In our practice, we treat patients politely and with respect, recognising their dignity and rights as individuals. We also encourage patients to be involved in decisions about their care and, before embarking on any aspect of patient care, we seek their consent to do so – recognising the rights of patients to decide what happens to their bodies. We recognise that patients have the right to refuse advice or treatment.
We aim to provide each patient with sufficient information in a way that they can understand to allow them to make a decision about their care. We will use various communication tools to ensure that the patient understands what is being suggested.
In our discussions with patients, we explore what they want to know to help them make their decisions and explain:
- why we feel the treatment is necessary
- the risks and benefits of the proposed treatment
- what might happen if the treatment is not carried out
- the alternative treatment options and their risks and benefits
We encourage patients to ask questions and aim to provide honest and full answers. We always allow patients time to make their decisions.
We always make sure that the patient understands whether they are being treated under the NHS or privately and what the costs will be. Where a patient embarks on a course of treatment, we provide a written treatment plan and cost estimate.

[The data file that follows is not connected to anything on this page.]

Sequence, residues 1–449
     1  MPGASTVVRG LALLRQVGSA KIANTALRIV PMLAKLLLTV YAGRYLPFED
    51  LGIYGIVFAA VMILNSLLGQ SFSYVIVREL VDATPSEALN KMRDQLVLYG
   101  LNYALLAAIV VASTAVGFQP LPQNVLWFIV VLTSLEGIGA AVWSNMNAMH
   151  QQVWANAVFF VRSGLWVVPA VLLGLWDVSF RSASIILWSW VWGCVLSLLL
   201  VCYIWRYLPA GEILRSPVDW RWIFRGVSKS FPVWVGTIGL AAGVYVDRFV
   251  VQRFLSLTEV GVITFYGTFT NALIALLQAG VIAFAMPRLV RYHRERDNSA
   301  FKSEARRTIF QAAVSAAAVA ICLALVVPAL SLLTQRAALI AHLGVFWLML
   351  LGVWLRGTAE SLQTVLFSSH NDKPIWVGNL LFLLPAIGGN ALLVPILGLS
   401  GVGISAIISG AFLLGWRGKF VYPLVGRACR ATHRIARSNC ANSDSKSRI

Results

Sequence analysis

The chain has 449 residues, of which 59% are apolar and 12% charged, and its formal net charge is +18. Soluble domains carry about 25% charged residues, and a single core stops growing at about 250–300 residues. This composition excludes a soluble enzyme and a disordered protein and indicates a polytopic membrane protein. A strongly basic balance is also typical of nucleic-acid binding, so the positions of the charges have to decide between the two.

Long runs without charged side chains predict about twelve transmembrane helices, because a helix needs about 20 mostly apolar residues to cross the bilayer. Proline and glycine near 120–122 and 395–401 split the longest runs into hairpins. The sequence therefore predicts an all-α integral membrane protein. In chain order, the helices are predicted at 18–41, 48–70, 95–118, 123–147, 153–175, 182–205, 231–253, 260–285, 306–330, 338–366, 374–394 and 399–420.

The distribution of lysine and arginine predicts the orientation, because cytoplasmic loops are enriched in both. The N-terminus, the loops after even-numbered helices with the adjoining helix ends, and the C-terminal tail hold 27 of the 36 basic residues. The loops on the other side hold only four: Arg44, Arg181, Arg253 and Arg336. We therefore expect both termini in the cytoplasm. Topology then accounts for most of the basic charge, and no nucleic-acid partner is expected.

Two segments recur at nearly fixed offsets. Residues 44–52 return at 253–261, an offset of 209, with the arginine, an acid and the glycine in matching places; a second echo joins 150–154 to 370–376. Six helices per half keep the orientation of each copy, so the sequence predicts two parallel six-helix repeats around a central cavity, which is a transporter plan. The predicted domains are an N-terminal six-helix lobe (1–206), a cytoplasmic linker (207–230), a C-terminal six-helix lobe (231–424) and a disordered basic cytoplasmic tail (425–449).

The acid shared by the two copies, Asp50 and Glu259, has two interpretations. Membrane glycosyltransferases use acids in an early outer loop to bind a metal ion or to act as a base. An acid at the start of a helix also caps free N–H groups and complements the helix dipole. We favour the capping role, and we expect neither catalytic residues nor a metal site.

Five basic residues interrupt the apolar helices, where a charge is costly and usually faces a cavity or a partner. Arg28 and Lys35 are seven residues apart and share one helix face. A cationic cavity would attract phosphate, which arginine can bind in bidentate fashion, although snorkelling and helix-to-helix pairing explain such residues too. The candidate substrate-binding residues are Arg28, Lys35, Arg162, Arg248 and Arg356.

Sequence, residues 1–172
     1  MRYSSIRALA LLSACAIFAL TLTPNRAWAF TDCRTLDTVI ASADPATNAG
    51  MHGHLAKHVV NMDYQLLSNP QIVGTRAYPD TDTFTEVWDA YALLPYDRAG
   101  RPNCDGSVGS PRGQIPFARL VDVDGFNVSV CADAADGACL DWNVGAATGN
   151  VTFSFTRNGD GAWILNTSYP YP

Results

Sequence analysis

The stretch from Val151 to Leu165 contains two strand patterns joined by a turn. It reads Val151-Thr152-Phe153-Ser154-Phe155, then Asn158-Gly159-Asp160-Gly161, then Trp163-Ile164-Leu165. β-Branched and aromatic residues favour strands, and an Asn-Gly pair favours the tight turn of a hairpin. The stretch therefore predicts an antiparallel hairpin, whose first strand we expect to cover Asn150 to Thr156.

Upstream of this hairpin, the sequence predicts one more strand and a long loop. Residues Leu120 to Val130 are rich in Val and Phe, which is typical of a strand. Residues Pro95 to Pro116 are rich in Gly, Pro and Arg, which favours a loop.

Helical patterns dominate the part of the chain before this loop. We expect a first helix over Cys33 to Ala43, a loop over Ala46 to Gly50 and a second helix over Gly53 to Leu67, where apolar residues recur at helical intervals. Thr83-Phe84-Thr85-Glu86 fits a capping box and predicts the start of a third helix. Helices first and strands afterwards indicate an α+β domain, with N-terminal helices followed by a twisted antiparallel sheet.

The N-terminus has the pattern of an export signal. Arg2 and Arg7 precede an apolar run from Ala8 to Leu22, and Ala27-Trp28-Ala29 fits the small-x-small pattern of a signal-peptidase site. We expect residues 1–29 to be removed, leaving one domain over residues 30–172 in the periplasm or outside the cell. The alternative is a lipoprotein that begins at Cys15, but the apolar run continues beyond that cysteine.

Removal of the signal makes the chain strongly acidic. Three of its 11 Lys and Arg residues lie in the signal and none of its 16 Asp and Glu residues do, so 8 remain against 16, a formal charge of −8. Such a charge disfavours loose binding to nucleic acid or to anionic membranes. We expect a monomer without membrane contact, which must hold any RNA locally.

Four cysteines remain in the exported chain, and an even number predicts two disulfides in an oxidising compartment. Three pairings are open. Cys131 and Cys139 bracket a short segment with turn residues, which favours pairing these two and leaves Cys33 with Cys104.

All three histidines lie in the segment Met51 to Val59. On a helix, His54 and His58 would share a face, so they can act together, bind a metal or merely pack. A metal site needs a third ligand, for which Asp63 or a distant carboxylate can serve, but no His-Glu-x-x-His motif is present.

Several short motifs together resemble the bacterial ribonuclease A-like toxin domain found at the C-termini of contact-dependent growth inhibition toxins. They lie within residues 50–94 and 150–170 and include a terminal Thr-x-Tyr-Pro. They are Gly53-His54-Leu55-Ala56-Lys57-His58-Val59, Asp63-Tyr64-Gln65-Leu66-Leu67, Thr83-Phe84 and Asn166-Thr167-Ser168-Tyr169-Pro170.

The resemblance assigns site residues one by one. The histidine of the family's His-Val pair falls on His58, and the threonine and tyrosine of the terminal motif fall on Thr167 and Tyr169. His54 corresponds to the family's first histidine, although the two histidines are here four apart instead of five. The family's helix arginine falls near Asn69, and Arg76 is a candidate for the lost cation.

Where changes to the treatment plan are needed, we obtain the patient’s agreement and consent, including to any changes in the costs. The patient is given an amended treatment plan and estimate.
Voluntary decision making
Decisions about their care must be made by the patient, and without pressure. We respect the patient’s right to
- refuse to give consent to treatment
- change their minds after they have given consent
When this occurs we will not put pressure on the patient to reconsider but where we feel it is important, we will inform the patient of the consequence of not accepting treatment.
Ability to give consent
Every person aged 16 or over has the right to make their own decisions and is assumed to be able to do so, unless they show otherwise. We recognise that, in some circumstances, children under 16 years may be able to give informed consent to examination and treatment. Where we have doubts about a patient’s ability to give informed consent, we will seek advice from our defence organisation.